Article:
Should I breed from my pet?

Some people do choose to breed from their pets. It’s really important to think about this carefully before you go ahead. It can have a big impact on your pet’s health and you’ll be responsible for the welfare of their litter. There are also thousands of abandoned pets already in shelters and not enough people to give them homes.


What is PDSA’s stance on breeding?

We always recommend getting your pet neutered and would advise against breeding from them.

As a veterinary charity, it isn’t right for us to use our limited resources to support any of our clients who decide to breed their pet. We clearly explain to our clients that if they choose to breed their pet, they’ll need to take their pet to private vet for any treatment relating to the pregnancy or birth.

However, we will always provide life-saving treatment if a pet’s life is in danger because of pregnancy or birth. Once the pet is stable, we’ll refer the pet to a private vet for more treatment.


Why we recommend neutering

Neutering has a lot of health benefits for both male and female pets. It can help to:

  • Protect your pet from certain types of cancer.
  • Stop female pets from developing a deadly womb infection called pyometra.
  • Make male pets less territorial and aggressive.
  • Protect female pets from the hormonal changes and stress of going into ‘heat’.

You can find out more about the benefits of neutering your pet and let our vets debunk some common myths about the procedure.


Why don’t we recommend breeding?

There are a lot of reasons why we wouldn’t recommend breeding from your pet. Breeding doesn’t have any health benefits for your pet – in fact, it could damage their health and put them through unnecessary stress. Pregnancy puts a strain on an animal’s body and can expose them to various risks.

There are a lot of unwanted pets in the UK and thousands of pets are stuck in rehoming centres waiting for a new, loving family. By breeding from your pet, you could be adding to this growing problem.

It’s really important that breeding is done responsibly and with the parents’ and litter’s health and welfare in mind. It’s definitely not something that should be done on a whim or without a lot of research, planning and thought.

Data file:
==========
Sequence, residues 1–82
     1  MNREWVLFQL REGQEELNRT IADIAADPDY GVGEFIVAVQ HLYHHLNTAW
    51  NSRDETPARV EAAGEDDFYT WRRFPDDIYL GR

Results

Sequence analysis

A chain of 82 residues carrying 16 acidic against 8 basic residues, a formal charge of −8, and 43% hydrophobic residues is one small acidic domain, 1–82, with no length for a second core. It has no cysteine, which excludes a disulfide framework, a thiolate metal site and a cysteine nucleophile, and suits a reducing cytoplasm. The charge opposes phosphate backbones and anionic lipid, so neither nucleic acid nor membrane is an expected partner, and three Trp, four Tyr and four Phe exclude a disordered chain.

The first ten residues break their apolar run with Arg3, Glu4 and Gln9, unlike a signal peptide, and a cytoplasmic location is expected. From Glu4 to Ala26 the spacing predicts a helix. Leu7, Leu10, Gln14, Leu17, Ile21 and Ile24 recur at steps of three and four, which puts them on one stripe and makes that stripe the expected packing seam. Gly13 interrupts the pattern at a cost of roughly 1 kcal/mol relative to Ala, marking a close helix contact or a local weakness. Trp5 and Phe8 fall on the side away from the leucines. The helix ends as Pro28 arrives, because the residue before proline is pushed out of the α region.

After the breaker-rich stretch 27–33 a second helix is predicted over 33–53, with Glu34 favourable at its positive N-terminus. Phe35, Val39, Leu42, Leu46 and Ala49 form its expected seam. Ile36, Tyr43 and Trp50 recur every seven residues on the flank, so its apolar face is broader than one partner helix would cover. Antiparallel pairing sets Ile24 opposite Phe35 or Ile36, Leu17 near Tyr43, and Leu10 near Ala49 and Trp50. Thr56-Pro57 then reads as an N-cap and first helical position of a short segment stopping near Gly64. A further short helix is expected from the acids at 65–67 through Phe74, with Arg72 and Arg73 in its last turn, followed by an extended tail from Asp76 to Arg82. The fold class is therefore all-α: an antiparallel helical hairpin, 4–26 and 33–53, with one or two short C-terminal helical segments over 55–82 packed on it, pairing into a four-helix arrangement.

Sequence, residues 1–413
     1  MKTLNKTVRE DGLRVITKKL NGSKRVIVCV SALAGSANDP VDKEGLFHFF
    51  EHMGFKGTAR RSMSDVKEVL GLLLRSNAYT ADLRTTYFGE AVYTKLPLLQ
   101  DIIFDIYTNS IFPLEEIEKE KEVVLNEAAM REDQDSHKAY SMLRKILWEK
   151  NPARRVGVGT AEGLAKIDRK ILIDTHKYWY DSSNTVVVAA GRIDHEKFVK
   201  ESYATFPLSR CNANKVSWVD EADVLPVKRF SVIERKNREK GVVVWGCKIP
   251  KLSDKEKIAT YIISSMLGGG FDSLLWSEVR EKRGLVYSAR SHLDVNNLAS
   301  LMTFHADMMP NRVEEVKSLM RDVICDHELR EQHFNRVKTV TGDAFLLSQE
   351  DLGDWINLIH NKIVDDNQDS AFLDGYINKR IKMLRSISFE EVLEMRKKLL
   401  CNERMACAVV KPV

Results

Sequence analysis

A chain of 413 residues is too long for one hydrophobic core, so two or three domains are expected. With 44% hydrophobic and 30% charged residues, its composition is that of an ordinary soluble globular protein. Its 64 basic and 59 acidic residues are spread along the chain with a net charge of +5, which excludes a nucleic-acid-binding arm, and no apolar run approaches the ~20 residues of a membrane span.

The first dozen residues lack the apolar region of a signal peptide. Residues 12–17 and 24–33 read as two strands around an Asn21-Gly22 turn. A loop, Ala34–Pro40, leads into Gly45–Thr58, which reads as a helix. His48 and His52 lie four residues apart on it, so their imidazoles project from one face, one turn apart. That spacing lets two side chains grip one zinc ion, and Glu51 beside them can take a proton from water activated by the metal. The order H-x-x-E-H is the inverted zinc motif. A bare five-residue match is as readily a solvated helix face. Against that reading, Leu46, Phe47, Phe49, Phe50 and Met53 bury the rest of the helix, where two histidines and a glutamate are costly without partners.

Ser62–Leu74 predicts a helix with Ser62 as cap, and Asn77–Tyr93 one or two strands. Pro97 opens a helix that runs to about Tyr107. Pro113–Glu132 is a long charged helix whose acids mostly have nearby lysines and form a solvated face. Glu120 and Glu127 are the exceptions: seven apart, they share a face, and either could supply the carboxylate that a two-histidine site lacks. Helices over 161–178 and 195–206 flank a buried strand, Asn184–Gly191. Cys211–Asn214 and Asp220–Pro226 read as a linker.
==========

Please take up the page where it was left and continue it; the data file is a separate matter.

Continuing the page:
What does responsible breeding involve?

A responsible breeder will have weighed up the risk for their pet and will have researched the process properly. They’ll have considered things like:

  • The health of the mother and father. Even if your pet seems healthy, they could be carrying hidden problems that will be passed on to their litter. Responsible breeders will have the health of both parents checked out with a series of tests. If the test show any problems, they won’t breed from that pet.
  • The health of the breed. Some breeds have serious health problems because of the way they’ve been bred to look – e.g. the short snout of a pug or a bulldog can mean they have trouble breathing. A responsible breeder will choose a mother and father that are healthier examples of the breed – e.g. they have a longer snout.
  • Difficulty giving birth. Some breeds have particular difficulty giving birth. Breeds with much larger heads than the mother’s narrow hips usually mean she will have to have surgery just to deliver her pups. Chihuahuas, French bulldogs and Pekingese are just a few of the breeds that could have this problem but complications can arise with any breed.
  • Caring for the litter. A litter of puppies or kittens can be hard work to look after, for your pet and for you. At first, they’ll need a lot of care and attention to check they’re growing as they should and that their living area is clean and hygienic. As they get older they’ll need proper socialisation so they grow up into happy, confident adults. They’ll also need checks from the vet, regular worming and flea treatments, and puppies have to be microchipped by the breeder.
  • Finding a new owner. A responsible breeder will feel a lot of responsibility for finding the right home for the litter. They’ll also usually offer to take in any of the pets they’ve bred if their owner can’t look after them anymore. This is a lifetime commitment.
  • The cost. With all the tests, check-ups and special care, breeding from your pet can be expensive. In fact, a lot of breeders do it because they love the breed so much, not to make money. A responsible breeder will have thought about the costs very carefully and will make sure they have savings to cover any emergency treatment if there’s a problem with the pregnancy or birth. The cost of this treatment can sometimes reach thousands of pounds.

Neutering your pet

Find out more about the health benefits of getting your pet neutered.

Neutering myths

Fact or fiction? Our vets' bust some common myths about neutering to help you make the right choice for your pet.

Vaccinating your pet

Find out how vaccinations save pet's lives and why our vets recommend keeping your pet's jabs up-to-date.

Why vaccinate?